I wondered this new 2013 year what I should blog about. I have spent New Year's Eve and the following days with a head cold which has made coherent thought exhausting. It hasn't stopped me over thinking though; wondering how the year will pan out, how to be more successful than last year which disappointed me in all kinds of ways. Then whilst coughing and hanging out the washing I thought about why 2012 didn't stack up for me the way I wanted it to and over coffee with my husband and adult daughter in a relaxed kind of way, feet up on the scruffy old coffee table and undies flapping in the breeze outside, articulated my thoughts thus:
When you are a kid, your achievements are kind of huge; doing up your shoelaces, going to school, learning to read, writing a story...all of those things. They are BIG things. But when you are a teenager they seem like small stuff compared to struggling with relationships, your changing body, exams and school pressures. And so it goes on through life- each major milestone made to seem insignificant the minute it is passed because of the expectation for the next achievement. By nobody except yourself.
The first time I had a book published I was over the moon. I'd 'made it'! That was soon replaced by crushing disappointment that it wasn't shortlisted for an award. Same for television work- one minute you are on the box looking glam and the next, yesterday's news. And then it goes on; you produce more and you expect that certain things will follow as a matter of course; money, fame, awards, residencies, grants, magazine spreads, adoration, adulation, a bach on the beach, designer clothes, travel and all the things society puts up as marker of success. And very nice they are too, if you can get them. And if you don't, you go down a hole. I went down one last year in a work starved period. In this vacuum one might expect that you could embrace the free time and get on with that project you always wanted time to finish. But what happens is that you get so depressed thinking no-one will ever want to give you work again that you sit in quiet desperation and bat off all your previous successes as nothing more than being able to tie your shoelaces. Forgetting of course that when you were 5 that was a very major accomplishment.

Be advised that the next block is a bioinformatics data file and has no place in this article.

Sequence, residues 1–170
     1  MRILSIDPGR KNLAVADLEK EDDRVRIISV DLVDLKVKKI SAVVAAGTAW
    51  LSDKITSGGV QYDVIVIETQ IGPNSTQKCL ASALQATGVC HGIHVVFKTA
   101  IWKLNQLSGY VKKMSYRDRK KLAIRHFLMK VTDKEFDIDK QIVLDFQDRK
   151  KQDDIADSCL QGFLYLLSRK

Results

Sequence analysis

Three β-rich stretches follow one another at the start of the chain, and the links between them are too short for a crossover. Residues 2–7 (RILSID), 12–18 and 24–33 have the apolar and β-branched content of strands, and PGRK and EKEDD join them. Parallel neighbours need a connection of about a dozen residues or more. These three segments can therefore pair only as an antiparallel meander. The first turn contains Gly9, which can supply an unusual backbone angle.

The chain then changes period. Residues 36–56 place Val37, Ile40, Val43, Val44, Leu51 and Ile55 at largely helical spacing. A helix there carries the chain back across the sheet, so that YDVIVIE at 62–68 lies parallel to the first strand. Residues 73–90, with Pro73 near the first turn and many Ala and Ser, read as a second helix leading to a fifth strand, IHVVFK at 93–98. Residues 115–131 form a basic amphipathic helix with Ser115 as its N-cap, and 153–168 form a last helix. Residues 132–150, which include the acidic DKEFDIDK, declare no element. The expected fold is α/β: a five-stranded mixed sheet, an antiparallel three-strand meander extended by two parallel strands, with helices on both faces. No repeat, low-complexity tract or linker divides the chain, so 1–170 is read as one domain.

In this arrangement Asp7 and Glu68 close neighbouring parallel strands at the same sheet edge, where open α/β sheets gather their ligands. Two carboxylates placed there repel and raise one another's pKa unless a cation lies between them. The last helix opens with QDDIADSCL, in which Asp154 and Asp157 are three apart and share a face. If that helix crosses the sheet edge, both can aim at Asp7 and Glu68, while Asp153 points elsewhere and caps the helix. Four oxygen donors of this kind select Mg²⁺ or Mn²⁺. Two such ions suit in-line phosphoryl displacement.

I have beaten myself up for not being entrepreneurial enough; not taking risks, not sinking a big financial investment into my work to see if it will come off. Then (whilst hanging out the washing) I realised that every time I write or illustrate for the publishing industry I do just that. If I were to cost out my time it would run into the tens of thousands of dollars. So in effect, each project I take on, I sink a huge amount of money into with no assurance that I will get a return on investment. There are not many in the salaried sector who would be so brave. I am not the only one. There are many of us out there, being entrepreneurs, creating new startups each time we sit at that drawing or key board. We are courageous beyond belief.
And this is why I am unreservedly thrilled that Gavin Bishop, a writer and illustrator our children's book community adores for his talent, wit and generosity has received an ONZM for services to Children'sLiterature. Gavin has been tying up his shoelaces with great dexterity for some years now and they look superb; I hope he never swaps them for cheap elastic.What Gavin does reassures me, he has forged ahead because he loves what he does and is good at it and in the end isn't that what we are best doing?
So in 2013, I'm hoping to rid myself of expectations that unachieved leave me feeling like I can't even do up my shoes anymore. I'm going to carry on doing what I love and am good at and that alone will be enough. With my laces confidently tied, I can walk forward and take new paths without falling over. Here's to an upright year!